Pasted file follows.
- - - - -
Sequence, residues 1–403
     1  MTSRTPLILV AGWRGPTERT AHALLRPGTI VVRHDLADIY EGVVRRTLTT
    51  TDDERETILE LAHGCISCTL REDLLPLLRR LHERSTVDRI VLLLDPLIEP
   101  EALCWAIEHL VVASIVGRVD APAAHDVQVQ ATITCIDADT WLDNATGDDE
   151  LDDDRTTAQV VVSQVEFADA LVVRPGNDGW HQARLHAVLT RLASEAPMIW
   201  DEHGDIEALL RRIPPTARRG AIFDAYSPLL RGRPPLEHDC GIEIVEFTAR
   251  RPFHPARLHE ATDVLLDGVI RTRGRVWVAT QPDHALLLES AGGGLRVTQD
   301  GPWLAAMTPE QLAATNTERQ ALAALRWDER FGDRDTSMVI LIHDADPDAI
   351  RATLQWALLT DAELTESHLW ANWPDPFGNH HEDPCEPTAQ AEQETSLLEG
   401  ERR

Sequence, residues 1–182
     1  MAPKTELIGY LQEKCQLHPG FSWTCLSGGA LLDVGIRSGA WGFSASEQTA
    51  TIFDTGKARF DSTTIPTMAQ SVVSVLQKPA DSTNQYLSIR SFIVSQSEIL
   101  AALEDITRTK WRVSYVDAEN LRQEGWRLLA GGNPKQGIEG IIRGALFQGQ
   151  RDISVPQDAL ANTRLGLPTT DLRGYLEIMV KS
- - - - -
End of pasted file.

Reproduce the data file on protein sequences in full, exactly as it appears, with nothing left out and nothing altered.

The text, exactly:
Sequence, residues 1–403
     1  MTSRTPLILV AGWRGPTERT AHALLRPGTI VVRHDLADIY EGVVRRTLTT
    51  TDDERETILE LAHGCISCTL REDLLPLLRR LHERSTVDRI VLLLDPLIEP
   101  EALCWAIEHL VVASIVGRVD APAAHDVQVQ ATITCIDADT WLDNATGDDE
   151  LDDDRTTAQV VVSQVEFADA LVVRPGNDGW HQARLHAVLT RLASEAPMIW
   201  DEHGDIEALL RRIPPTARRG AIFDAYSPLL RGRPPLEHDC GIEIVEFTAR
   251  RPFHPARLHE ATDVLLDGVI RTRGRVWVAT QPDHALLLES AGGGLRVTQD
   301  GPWLAAMTPE QLAATNTERQ ALAALRWDER FGDRDTSMVI LIHDADPDAI
   351  RATLQWALLT DAELTESHLW ANWPDPFGNH HEDPCEPTAQ AEQETSLLEG
   401  ERR

Sequence, residues 1–182
     1  MAPKTELIGY LQEKCQLHPG FSWTCLSGGA LLDVGIRSGA WGFSASEQTA
    51  TIFDTGKARF DSTTIPTMAQ SVVSVLQKPA DSTNQYLSIR SFIVSQSEIL
   101  AALEDITRTK WRVSYVDAEN LRQEGWRLLA GGNPKQGIEG IIRGALFQGQ
   151  RDISVPQDAL ANTRLGLPTT DLRGYLEIMV KS